In light of the fact that the College’s endowment increased to $3.2 billion this year — up from $2.8 billion as of June 30, 2020 — students and alums are asking why the College has not expanded its financial aid to match or exceed that of Amherst.
As part of Amherst’s recent announcement, students’ expected work-study contributions will be capped at four hours per week. Williams, in contrast, typically expects six to eight hours per week, though some students elect to work up to 10. Jake Padilla ’25 said the large expectation of work-study revenue precludes some students at the College who receive financial aid from getting involved in campus activities that build the connections that will serve the students in the future and contribute to their experience at the College. “I think it should be lowered to at the very most four hours,” Padilla said.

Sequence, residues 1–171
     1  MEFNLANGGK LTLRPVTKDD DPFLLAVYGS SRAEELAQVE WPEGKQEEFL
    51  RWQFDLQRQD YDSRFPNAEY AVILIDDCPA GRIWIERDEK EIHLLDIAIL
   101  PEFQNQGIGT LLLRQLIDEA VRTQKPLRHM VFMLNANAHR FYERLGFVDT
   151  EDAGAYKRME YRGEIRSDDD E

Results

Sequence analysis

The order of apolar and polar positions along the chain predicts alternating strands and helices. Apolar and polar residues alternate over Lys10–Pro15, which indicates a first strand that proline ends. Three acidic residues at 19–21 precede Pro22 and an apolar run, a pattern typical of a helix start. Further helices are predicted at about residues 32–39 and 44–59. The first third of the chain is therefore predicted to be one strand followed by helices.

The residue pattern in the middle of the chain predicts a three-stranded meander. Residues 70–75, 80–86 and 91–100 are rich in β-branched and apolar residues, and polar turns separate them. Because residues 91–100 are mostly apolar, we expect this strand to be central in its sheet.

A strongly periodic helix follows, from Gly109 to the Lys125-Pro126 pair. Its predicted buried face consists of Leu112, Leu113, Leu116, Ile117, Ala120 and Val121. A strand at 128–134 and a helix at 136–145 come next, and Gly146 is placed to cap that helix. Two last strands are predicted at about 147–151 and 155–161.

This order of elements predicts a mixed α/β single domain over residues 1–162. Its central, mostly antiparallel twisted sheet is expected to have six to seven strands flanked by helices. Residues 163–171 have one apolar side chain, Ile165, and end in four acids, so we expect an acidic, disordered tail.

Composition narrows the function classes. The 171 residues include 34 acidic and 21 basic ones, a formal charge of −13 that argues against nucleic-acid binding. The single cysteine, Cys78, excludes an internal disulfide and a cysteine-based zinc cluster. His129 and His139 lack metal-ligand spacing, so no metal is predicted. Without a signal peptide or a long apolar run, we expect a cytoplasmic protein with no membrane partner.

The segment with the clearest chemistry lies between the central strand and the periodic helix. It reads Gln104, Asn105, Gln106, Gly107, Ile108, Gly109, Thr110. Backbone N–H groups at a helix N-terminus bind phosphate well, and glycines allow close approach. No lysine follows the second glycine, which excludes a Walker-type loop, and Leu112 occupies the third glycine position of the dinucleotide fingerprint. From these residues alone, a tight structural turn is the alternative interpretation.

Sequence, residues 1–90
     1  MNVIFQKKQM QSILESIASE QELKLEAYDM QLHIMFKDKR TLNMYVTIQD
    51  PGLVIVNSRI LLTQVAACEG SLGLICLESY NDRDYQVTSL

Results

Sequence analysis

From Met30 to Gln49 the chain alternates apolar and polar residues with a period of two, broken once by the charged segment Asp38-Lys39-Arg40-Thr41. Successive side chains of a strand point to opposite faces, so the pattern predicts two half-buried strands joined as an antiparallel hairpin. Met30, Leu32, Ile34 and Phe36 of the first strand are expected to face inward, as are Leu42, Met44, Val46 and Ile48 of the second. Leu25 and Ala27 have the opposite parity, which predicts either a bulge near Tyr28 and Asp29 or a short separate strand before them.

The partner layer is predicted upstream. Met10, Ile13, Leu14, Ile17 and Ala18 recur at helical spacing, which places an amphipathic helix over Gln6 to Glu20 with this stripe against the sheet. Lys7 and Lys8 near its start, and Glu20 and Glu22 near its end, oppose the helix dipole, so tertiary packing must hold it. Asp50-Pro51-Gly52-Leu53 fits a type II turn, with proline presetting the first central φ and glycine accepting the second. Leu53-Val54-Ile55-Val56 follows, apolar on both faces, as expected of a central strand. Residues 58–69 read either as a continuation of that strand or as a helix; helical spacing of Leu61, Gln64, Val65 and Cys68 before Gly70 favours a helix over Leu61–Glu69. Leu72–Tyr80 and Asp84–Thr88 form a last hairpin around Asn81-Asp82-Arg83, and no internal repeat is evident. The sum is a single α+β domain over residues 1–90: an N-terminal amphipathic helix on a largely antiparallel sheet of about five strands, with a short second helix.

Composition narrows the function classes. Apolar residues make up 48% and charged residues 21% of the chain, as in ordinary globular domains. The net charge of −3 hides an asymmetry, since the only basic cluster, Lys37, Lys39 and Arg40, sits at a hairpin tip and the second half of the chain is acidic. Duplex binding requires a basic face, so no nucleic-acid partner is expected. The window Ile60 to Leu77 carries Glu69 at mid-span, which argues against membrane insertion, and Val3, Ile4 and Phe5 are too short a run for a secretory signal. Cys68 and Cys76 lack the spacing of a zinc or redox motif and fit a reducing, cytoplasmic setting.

In an email to the Record, Creighton wrote that no-loan aid and fewer expected work-study hours are “long-term aspirations” for the College, but not the focus of current investments. Instead, the College has dedicated funding to other programs, including offering free textbooks for students receiving aid, covering the costs of health insurance for students receiving aid who are otherwise uninsured or underinsured, and offering waivers for expected summer job earnings contributions. “[R]ight now, we are investing resources in areas that we believe have the greatest impact on students’ experiences,” she wrote.
To Madera, what the College needs to do is simple: Do as Amherst has done and make the admissions process more equitable through the elimination of legacy preference and the expansion of financial aid programs. “The only factors that admission should be: what are you bringing to the table and how will you impact our community in positive ways,” he said.